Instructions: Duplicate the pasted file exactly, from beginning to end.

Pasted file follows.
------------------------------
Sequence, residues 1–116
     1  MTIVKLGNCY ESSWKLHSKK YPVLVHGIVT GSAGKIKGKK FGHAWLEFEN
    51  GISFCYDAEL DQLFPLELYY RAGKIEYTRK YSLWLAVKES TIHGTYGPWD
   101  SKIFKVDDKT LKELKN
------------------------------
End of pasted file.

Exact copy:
Sequence, residues 1–116
     1  MTIVKLGNCY ESSWKLHSKK YPVLVHGIVT GSAGKIKGKK FGHAWLEFEN
    51  GISFCYDAEL DQLFPLELYY RAGKIEYTRK YSLWLAVKES TIHGTYGPWD
   101  SKIFKVDDKT LKELKN